Policy Matters| Volume 29, ISSUE 5, P370-375, September 2019

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Factors Associated with New Uptake of Long-Acting Reversible Contraceptives Since the Affordable Care Act Among Privately Insured Women in Pennsylvania



      The Affordable Care Act eliminated out-of-pocket costs for contraceptives, including highly effective long-acting reversible contraception (LARC), for most insured women. Patient characteristics associated with new LARC uptake after the Affordable Care Act have not been well-studied. We hypothesized that awareness of no-cost intrauterine device (IUD) coverage would be associated with new LARC use.


      Data included were from 883 women not using a LARC at baseline who participated in the MyNewOptions study, a 2-year study of privately insured women in Pennsylvania. Multivariable analysis assessed whether the following baseline characteristics predicted new LARC use over 2 years: awareness of no-cost IUD coverage, future pregnancy intention, baseline contraceptive use, contraceptive attitudes, and sociodemographic characteristics.


      At baseline, 54.4% of participants were using prescription methods; 21.1% nonprescription methods; 12.1% natural family planning, withdrawal, or spermicide alone; and 12.5% no method. A minority (7.2%) was aware of no-cost coverage for IUDs. Over 2 years, 7.2% of participants became new LARC users, but awareness of no-cost coverage for IUDs was not associated with new LARC use (adjusted odds ratio, 0.84; 95% confidence interval, 0.27–2.55). New LARC use was associated with already using prescription methods, not intending pregnancy within the next 5 years, prior unintended pregnancy, and desire to change method if cost were not a factor.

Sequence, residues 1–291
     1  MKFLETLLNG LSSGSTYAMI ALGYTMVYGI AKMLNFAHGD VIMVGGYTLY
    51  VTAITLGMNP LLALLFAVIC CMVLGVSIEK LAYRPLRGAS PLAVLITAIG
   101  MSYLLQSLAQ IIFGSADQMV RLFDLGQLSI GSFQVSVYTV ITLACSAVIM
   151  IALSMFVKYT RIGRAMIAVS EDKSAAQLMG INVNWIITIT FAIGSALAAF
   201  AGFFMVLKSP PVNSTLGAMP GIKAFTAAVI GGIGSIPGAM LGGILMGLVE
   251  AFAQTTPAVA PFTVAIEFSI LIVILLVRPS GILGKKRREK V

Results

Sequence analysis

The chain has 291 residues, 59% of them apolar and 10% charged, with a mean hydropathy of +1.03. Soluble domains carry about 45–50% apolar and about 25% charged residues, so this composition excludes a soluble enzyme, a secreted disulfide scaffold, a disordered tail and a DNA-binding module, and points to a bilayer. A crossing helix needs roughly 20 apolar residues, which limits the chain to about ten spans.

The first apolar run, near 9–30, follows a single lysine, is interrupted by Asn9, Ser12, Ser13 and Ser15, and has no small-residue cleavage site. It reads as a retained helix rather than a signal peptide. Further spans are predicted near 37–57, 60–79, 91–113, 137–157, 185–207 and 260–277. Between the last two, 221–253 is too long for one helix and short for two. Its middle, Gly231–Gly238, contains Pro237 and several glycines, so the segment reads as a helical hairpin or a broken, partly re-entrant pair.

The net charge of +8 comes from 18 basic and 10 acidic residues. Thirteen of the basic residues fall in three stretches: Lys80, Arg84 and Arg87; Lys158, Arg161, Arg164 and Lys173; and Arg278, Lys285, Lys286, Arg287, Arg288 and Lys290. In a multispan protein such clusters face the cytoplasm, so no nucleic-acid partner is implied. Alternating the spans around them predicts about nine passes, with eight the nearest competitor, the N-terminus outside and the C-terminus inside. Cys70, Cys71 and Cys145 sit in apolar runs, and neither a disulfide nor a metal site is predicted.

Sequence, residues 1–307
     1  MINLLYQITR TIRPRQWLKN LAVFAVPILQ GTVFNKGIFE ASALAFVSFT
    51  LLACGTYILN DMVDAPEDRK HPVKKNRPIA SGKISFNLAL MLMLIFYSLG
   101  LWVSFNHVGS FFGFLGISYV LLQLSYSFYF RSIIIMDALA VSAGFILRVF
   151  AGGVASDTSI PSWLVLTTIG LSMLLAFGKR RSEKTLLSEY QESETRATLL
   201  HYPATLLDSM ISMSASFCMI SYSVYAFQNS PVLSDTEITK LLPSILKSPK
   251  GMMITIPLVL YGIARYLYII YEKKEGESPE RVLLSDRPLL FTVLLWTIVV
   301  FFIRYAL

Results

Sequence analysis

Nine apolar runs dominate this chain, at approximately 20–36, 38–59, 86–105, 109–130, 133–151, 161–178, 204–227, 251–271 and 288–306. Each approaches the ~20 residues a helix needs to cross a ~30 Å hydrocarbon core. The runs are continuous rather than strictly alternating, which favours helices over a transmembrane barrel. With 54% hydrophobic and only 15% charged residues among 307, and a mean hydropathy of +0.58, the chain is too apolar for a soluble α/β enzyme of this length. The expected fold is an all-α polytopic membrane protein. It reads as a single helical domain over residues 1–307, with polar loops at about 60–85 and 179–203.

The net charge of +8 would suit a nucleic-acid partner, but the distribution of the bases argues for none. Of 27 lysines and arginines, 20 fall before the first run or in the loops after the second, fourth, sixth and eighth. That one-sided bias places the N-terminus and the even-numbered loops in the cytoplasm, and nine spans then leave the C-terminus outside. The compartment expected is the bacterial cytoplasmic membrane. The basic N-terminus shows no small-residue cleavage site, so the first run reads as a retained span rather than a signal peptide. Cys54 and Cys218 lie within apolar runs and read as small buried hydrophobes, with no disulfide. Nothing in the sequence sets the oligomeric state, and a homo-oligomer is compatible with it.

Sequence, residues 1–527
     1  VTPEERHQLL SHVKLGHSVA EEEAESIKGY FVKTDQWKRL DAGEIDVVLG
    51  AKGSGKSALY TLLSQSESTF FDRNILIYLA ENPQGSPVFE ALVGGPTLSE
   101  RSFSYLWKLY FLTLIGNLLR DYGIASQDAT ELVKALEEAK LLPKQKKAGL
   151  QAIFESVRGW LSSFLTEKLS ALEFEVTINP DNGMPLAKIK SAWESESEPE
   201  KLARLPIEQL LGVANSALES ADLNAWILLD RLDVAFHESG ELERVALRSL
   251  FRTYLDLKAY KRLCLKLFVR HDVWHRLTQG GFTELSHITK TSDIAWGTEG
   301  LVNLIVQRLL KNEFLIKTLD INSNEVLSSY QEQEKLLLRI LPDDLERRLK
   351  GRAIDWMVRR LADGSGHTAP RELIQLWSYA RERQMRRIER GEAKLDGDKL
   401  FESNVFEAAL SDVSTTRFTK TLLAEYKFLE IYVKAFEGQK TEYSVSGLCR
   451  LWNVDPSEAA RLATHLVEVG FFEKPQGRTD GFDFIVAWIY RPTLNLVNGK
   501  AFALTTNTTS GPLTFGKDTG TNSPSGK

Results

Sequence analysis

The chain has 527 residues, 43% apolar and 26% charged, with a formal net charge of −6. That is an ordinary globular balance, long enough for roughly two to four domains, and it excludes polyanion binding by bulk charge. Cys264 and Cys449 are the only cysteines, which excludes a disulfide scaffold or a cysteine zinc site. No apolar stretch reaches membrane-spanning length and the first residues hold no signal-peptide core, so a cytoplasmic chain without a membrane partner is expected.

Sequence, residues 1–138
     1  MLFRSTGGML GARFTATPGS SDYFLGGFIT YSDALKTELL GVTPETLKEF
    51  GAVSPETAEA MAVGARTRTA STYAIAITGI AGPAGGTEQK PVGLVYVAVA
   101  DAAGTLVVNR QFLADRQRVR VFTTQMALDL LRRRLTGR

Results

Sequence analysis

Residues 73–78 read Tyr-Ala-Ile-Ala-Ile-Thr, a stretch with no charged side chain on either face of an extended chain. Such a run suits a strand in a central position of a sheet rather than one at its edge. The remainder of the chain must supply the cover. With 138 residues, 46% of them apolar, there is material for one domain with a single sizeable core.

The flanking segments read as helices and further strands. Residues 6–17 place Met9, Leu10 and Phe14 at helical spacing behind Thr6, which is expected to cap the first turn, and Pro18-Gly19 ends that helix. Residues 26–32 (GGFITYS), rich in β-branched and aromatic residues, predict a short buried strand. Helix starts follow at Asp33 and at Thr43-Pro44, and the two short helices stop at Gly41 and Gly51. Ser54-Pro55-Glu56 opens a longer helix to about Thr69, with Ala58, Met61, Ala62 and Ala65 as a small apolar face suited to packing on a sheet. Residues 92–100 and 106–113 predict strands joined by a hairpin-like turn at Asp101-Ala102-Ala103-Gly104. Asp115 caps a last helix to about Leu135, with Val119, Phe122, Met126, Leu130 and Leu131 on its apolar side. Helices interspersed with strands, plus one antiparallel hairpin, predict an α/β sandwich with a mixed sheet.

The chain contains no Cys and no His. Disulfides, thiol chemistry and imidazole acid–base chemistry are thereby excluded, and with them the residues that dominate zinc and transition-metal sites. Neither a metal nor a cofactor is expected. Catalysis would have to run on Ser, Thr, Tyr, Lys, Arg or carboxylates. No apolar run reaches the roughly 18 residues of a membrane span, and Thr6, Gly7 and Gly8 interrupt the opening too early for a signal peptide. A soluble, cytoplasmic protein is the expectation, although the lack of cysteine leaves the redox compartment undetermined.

Among privately insured women, wanting to switch methods if cost were not a factor was associated with new LARC uptake, although awareness of no-cost IUD coverage was not. Providing women with information about their contraceptive coverage benefits may help women to seek and obtain the methods better aligned with their personal needs.
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      Hallie N. Nelson, BS, is a medical student graduating from Penn State College of Medicine to pursue an Obstetrics and Gynecology residency at University of Rochester, in Rochester, NY. Her research interests include contraception and patient-centered care policies.


      Elizabeth Thayer, MD, is a current resident in the department of Obstetrics and Gynecology at University of Massachusetts Medical School in Worcester, MA.


      Celeste Bailey, MD, is a current resident in Obstetrics and Gynecology at Phoenix Integrated Residency in Phoenix, AZ.


      Laura Leuenberger, MD, is a resident in the department of Internal Medicine at University of Michigan, in Ann Arbor, MI, with research interests in women's health.


      Erik Lehman, MSc, is a biostatistician with the department of Public Health Sciences at the Penn State Hershey Medical Center. His interests include a wide variety of medical studies, working with local and national investigators.


      Cynthia H. Chuang, MD, MSc, is Professor of Medicine, Public Health Sciences, and Obstetrics and Gynecology at the Penn State College of Medicine. Her research focuses on reproductive health care for adult women.